The hospitality industry is a recognized entity in the 21st century. Researchers have discovered the colors, designs, sounds, smells, tastes, and vistas to create environments that generate calm or excitement, energy or relaxation, as appropriate to the settings purpose. Most of us have experienced the results of their work, often to our benefit. Hotels, hospitals, even airports offer new amenities to make clients feel at home. Employers train workers in a range of skills to sustain that experience. Isn’t this authentic hospitality?
Yes and no. Top management at every business in the hospitality industry envisions that each customer or client will have a good experience. In fact, in crowded markets, delivery of that experience is critical to their success and a focus of training for managers at all levels. Yet, as viewers of the reality show Undercover Boss frequently see, the business aspect shapes the relationship. Generating large sales and satisfied customers are the key to employees’ own advancement. They offer more services to boost sales, or perhaps cater to our neurotic behaviors, as a business proposition.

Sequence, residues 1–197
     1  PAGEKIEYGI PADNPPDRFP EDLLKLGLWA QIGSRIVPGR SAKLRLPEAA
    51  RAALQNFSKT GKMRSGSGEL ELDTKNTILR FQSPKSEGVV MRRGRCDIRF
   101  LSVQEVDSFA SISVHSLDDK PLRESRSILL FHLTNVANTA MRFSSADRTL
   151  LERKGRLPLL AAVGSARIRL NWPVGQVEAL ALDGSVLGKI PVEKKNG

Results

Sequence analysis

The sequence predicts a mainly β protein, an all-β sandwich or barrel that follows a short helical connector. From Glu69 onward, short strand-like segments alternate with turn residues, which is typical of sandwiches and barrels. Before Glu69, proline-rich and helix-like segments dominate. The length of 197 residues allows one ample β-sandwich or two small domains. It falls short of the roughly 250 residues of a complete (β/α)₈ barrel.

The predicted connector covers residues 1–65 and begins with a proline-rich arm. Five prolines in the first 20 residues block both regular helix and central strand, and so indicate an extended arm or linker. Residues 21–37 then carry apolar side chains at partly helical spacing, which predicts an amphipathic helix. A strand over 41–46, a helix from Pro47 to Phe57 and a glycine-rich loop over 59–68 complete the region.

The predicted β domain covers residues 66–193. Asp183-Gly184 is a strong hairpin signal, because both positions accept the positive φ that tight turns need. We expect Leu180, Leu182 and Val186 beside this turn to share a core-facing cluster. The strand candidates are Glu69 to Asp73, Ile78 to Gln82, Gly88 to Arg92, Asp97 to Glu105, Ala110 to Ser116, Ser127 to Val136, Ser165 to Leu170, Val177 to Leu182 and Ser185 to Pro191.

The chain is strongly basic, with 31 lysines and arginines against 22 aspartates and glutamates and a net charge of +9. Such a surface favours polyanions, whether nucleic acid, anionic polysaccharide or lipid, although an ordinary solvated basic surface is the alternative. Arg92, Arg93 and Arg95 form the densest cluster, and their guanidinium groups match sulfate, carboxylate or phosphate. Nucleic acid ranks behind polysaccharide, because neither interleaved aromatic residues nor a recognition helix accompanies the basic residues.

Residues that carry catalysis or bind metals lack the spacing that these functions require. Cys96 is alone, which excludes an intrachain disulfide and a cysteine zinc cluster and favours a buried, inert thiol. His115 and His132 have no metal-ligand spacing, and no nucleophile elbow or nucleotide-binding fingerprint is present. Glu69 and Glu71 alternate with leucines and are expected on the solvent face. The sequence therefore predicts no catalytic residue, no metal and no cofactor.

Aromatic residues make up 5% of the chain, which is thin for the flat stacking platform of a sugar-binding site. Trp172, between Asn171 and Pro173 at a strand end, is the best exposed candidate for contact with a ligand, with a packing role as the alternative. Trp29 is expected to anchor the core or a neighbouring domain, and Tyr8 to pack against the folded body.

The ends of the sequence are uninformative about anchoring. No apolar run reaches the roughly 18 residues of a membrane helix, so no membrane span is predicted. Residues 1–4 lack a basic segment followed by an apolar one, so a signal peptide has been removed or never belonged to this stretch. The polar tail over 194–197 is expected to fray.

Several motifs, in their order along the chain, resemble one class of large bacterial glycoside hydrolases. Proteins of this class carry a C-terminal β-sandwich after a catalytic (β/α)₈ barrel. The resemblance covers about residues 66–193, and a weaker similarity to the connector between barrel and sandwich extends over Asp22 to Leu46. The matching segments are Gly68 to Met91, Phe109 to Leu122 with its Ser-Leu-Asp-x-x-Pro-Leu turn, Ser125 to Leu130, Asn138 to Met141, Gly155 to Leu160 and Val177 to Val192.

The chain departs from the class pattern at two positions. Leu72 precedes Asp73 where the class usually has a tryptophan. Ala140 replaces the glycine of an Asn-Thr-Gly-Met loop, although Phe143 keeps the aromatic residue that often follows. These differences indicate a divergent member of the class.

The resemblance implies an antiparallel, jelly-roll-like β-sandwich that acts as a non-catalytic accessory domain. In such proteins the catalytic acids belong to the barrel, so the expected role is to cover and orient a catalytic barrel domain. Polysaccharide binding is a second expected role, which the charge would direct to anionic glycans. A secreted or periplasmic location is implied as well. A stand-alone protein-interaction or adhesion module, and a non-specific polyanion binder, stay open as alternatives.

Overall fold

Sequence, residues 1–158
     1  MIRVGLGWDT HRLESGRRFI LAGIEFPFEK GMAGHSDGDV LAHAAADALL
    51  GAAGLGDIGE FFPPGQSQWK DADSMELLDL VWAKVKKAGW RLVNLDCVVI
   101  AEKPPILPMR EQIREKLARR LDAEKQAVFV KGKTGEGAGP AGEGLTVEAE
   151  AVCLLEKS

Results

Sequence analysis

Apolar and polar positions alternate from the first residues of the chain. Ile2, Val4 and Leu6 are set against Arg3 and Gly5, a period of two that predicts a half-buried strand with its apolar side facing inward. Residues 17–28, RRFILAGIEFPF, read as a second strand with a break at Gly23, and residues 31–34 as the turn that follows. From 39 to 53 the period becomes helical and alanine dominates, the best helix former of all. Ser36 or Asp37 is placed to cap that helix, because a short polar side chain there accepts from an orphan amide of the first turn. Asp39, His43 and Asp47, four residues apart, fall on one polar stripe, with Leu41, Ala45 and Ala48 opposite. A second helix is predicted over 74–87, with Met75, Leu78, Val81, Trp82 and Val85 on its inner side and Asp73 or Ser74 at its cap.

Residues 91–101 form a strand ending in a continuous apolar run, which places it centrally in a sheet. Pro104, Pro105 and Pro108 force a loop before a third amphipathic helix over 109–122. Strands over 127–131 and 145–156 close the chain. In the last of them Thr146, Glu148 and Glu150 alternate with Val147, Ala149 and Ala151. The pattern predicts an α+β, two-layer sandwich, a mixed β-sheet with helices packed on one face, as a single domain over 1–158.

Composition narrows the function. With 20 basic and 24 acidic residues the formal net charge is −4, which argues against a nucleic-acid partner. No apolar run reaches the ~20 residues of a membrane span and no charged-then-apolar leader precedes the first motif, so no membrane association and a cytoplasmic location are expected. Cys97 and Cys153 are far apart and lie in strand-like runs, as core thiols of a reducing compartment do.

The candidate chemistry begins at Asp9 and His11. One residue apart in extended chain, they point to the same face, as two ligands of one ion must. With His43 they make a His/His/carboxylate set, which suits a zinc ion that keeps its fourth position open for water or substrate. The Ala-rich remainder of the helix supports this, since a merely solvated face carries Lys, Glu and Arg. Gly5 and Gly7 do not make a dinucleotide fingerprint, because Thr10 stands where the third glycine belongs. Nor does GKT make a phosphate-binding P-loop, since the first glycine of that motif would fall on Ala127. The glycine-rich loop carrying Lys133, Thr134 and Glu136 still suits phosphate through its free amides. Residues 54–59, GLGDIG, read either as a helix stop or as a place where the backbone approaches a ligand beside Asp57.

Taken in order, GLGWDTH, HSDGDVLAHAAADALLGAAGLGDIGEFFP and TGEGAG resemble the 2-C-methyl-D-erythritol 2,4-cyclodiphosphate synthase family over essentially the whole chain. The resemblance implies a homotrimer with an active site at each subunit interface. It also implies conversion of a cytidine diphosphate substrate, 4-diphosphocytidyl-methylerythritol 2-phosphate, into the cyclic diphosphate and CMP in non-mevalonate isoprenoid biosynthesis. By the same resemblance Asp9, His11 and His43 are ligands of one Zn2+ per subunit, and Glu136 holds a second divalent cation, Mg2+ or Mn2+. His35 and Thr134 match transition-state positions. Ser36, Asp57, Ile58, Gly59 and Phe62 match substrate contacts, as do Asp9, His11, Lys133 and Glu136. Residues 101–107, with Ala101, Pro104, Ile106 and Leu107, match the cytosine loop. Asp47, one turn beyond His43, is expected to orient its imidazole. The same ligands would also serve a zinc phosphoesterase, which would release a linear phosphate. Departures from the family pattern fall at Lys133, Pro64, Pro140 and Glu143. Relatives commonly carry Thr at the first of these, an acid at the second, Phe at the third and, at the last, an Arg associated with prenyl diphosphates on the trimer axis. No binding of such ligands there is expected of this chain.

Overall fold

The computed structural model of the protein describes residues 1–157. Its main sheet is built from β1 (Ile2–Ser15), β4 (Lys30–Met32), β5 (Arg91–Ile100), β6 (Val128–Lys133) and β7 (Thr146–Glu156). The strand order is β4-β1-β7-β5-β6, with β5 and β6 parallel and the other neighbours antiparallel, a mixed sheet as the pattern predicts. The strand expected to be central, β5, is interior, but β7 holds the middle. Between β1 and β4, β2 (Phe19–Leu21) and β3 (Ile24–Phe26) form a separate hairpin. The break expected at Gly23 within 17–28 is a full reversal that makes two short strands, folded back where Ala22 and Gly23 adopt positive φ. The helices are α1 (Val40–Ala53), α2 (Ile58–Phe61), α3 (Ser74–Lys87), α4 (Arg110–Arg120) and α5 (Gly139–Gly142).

St. Benedict calls on monastics to offer a different kind of hospitality. While monasteries received many guests, it was not a business arrangement. At our Oblate meeting at 1pm on February 11, we will look at the instructions St. Benedict gives to his followers to view hospitality from another angle.
Visitors and inquirers are always welcome.